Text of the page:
THE EATBEAT: Expect leftovers when you visit Texas RoadhouseMore than half of the customers at Texas Roadhouse on 32nd Avenue South, leave with white, plastic boxes of leftover food. And the leftovers I took home seemed almost better the second time around.
By: Marilyn Hagerty, Grand Forks Herald
More than half of the customers at Texas Roadhouse on 32nd Avenue South, leave with white, plastic boxes of leftover food.
And the leftovers I took home seemed almost better the second time around. At home, I finished off a portion of barbecued ribs for lunch the next day, along with one of the sort of square buns served with an irresistible honey-cinnamon butter.
On weekdays as well as weekends, Texas Roadhouse gets rolling early — mostly because of weekday dining starts at 4:30 p.m. and features a 6-ounce sirloin for $8.99.
The large parking lot was almost full by 5 p.m. on a recent Saturday. With Donna McEnroe (DM), I perused the menu. I followed her lead when she ordered the ribs. DM is an accomplished cook and usually knows what is good.
This was an excellent choice (at $12.95 without beverages). The ribs were indeed “fall-off-the-bone” tender. And they were tasty. DM was impressed with the house salad that is one of the choices for side dishes. There was also an unusual white gravy — sort of old-fashioned — to use with the mashed potatoes. The green beans I chose along with a baked potato were good. They would have tasted better to me if they were served plain without the flavoring.
The food, overall, was good. The service was excellent. The whole staff, including our server Evan Narog, was smiling and friendly. They are quick to say they love their jobs. Leif Henning, an assistant manager, says the staff at the Roadhouse works harder than most.
Texas Roadhouse has an entryway that was uncomfortably congested when we came in and when we went out. However, our wait was short.
We noticed a sign saying, “Texas Roadhouse does not cash checks. However, we accept cash, timber, cattle, horses and camels.”
There’s a large window near the entry that gives customers a view of the big, busy kitchen. There, the meat is cut, and the potatoes are peeled. The lettuce is chopped daily for the salads. The restaurant has a full and part-time staff of 30 in the kitchen and another 70 to 80 in the dining areas.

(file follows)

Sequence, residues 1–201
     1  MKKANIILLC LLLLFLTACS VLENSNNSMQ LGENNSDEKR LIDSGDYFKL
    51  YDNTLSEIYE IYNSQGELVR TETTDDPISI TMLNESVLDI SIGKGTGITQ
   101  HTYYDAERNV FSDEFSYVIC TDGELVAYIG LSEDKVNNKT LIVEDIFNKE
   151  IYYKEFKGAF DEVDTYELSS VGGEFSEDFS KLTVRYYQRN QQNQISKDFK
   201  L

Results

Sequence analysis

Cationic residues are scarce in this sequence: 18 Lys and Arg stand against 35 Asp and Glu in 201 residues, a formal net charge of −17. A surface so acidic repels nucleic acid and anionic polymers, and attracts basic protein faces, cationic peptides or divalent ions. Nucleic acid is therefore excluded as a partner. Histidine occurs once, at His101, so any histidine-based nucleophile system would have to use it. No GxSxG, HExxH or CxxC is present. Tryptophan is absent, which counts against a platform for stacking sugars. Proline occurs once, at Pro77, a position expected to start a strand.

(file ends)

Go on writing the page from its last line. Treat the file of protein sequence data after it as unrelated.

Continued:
The place is informal with a rustic roadhouse theme and a bar in the center — enclosed within a rail and a step up. There are pails of peanuts, a trademark of Texas Roadhouse. And customers may have all they want.
Texas Roadhouse is a busy and bustling place with people coming and going to the booths and tables. The music is loud. The rest rooms are marked with “Outhouse” signs. The women’s rest room was orderly and clean — a good sign that there is attention to cleanliness.
There are more than 300 Texas Roadhouses in the country. A few of them, including Grand Forks, serve walleye. And it gets good reviews.
Texas Roadhouse is a relatively new restaurant concept. The first one was opened in 1993 at Clarksville, Ind., by Kent Taylor.
Local managers are also involved in ownership. Jason Hill has been in Grand Forks in an owner-partnership since the restaurant opened here six years ago.
3200 32nd Avenue South
Owner-manager: Jason Hill.
Hours: Opens 4 p.m. Monday-Friday, 11 a.m. Saturday-Sunday; closes 10 p.m. Sunday through Tuesday, 11 p.m. Friday, Saturday.
Call-ahead seating: 746-7427
Report card: Moderate prices. Lively ambience with free peanuts in buckets. Good food. Amenities add up to make Texas Roadhouse one of busiest spots in town. Servers are exceptionally cheery.
Reach Hagerty at email@example.com.